Delhi Plans To Bring In Road Congestion Tax, One-Way Corridors

Delhi Plans To Bring In Road Congestion Tax, One-Way Corridors

Delhi Plans To Bring In Road Congestion Tax, One-Way Corridors
(Blogspot)

In order to ease congestion on Delhi roads, Lieutenant Governor (LG) Anil Baijal has announced key measures that would be adopted on a pilot basis in near future to check their feasibility. While the number of vehicles on Delhi roads have increased by almost 50 times between 1971 and 2017, the road length has increased only by four times. The number of vehicles in Delhi is increasing at the rate of approximately three per cent per annum. The LG was speaking at the inaugural session of ConnectKaro, a conclave on sustainable cities where he sought suggestions from urban planners and transport experts for decongesting Delhi.

In order to control vehicle population on the roads, here is what Baijal suggested:

One-way corridors

Delhi LG has proposed the creation of a network of one-way streets on existing stretches to ease congestion. Currently, a survey is being conducted to assess stretches where such restrictions can be imposed. It will be most probably in areas where parallel connections are available. As per media reports, the rule will be implemented in major markets such as Connaught Place, Karol Bagh and Sarojini Nagar, Traffic patterns in ITO, Delhi Gate, Hauz Khas and Nehru Place are also under assessment.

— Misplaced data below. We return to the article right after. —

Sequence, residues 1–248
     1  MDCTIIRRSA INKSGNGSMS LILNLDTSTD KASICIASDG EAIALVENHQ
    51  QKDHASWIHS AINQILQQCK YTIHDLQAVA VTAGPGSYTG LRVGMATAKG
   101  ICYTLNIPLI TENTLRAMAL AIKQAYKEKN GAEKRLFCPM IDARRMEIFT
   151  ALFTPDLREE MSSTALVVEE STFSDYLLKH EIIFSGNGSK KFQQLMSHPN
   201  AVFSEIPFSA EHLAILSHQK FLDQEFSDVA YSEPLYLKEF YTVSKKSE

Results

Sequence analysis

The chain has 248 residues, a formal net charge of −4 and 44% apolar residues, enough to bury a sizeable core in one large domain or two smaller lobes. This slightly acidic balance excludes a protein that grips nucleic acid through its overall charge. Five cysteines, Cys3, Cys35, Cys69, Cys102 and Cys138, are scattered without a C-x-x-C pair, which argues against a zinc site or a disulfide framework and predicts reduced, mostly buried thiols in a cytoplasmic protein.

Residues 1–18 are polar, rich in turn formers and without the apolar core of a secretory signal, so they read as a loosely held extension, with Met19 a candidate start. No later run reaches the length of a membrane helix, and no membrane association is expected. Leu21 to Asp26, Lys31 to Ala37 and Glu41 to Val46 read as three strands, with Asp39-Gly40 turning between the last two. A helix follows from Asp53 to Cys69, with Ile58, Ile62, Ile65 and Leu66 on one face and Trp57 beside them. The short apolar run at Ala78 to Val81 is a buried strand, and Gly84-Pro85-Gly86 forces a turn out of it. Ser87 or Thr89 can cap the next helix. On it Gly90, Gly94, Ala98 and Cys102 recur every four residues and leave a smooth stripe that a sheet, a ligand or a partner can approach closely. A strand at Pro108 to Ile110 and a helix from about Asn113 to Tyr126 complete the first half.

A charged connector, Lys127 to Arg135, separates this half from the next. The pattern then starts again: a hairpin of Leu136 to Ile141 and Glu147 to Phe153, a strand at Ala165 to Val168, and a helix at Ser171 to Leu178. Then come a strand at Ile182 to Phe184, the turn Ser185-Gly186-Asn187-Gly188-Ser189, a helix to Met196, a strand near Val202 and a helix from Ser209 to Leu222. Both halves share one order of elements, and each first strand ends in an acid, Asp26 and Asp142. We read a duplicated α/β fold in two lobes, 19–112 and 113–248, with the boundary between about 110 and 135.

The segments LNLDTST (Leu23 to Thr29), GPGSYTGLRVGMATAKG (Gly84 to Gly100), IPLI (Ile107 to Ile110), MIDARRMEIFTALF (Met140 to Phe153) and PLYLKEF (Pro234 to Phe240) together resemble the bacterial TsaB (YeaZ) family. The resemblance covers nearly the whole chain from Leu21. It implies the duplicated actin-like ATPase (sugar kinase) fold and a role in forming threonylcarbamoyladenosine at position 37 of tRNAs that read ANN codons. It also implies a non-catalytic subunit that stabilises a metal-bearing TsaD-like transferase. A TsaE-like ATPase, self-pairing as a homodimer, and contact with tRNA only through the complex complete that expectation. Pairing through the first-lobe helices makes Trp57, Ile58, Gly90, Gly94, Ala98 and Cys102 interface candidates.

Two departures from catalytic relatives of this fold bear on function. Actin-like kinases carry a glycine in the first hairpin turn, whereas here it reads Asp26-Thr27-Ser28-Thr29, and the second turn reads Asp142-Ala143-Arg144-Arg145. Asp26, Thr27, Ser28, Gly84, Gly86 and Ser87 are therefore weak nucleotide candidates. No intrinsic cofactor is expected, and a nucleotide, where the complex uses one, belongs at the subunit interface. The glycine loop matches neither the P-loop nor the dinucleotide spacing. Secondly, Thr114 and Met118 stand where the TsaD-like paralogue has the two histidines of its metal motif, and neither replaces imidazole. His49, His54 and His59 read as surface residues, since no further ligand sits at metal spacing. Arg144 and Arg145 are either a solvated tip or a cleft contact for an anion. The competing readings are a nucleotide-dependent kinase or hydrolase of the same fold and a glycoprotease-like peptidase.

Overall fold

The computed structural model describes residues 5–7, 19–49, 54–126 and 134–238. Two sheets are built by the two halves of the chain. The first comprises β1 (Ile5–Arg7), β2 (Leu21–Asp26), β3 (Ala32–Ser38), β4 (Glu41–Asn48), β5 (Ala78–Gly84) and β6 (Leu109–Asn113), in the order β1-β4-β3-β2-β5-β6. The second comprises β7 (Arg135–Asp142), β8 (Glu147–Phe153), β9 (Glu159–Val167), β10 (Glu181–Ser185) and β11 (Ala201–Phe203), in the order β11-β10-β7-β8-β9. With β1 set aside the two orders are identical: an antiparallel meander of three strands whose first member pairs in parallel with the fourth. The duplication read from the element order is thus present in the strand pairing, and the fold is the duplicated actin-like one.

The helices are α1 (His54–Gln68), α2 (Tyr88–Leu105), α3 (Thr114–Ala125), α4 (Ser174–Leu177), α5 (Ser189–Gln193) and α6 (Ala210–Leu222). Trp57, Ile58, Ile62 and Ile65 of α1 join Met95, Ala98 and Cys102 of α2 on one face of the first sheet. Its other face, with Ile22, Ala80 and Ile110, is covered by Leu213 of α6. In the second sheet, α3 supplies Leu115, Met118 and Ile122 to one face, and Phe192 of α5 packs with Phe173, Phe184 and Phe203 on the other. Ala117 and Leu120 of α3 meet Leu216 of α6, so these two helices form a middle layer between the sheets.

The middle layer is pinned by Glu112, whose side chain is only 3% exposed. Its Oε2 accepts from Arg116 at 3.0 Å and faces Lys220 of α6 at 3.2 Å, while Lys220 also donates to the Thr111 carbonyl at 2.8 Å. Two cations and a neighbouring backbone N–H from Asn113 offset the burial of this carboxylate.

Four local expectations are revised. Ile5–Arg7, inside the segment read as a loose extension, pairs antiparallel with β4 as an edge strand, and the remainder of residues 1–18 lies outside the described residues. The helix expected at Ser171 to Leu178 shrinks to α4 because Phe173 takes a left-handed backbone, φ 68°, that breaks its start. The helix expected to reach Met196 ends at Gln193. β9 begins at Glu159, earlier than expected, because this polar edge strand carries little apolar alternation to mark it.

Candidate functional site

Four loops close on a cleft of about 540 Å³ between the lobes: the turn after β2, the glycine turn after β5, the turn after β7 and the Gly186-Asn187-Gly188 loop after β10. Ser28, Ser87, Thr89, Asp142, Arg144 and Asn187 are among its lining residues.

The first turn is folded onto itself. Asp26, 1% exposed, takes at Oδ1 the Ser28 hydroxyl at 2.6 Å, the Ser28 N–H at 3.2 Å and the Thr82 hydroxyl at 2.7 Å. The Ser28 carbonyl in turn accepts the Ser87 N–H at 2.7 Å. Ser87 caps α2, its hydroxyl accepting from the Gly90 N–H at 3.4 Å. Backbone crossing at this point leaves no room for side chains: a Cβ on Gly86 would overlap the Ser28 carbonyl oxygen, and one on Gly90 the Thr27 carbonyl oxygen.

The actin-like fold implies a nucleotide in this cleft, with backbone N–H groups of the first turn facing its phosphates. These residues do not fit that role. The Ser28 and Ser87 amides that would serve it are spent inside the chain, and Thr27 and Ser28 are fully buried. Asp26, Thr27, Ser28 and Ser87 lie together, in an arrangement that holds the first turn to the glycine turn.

Congestion tax

The central government along with the three municipal corporations and the Union urban affairs ministry has finalised 21 stretches where congestion tax could be imposed in the upcoming months. The stretches included the corridors between Aurobindo Chowk and Andheria More, the Nehru Place and Modi Mills flyover, areas around Hauz Khas Metro station on the Outer Ring Road, the ITO intersection, and parts of Mehrauli-Gurgaon Road, Mathura Road and Pusa Road. Currently, a methodology is being chalked for the implementation of charges.

 Restricting vehicle registration

Currently, Delhi has more than 10 million registered vehicles, out of which nearly 6.8 million are two wheelers. According to government sources, the number of cars registered in the city as of May 2017 was 3.1 million — the highest in the country — with a density of 93 cars per km of road. To curb vehicle registration in the city, the authorities might bring in reforms such as presenting proof of parking space, introducing more taxes on the second vehicle, scrapping of old vehicles and bringing in more tax slabs based on fuel type or pollution cess.

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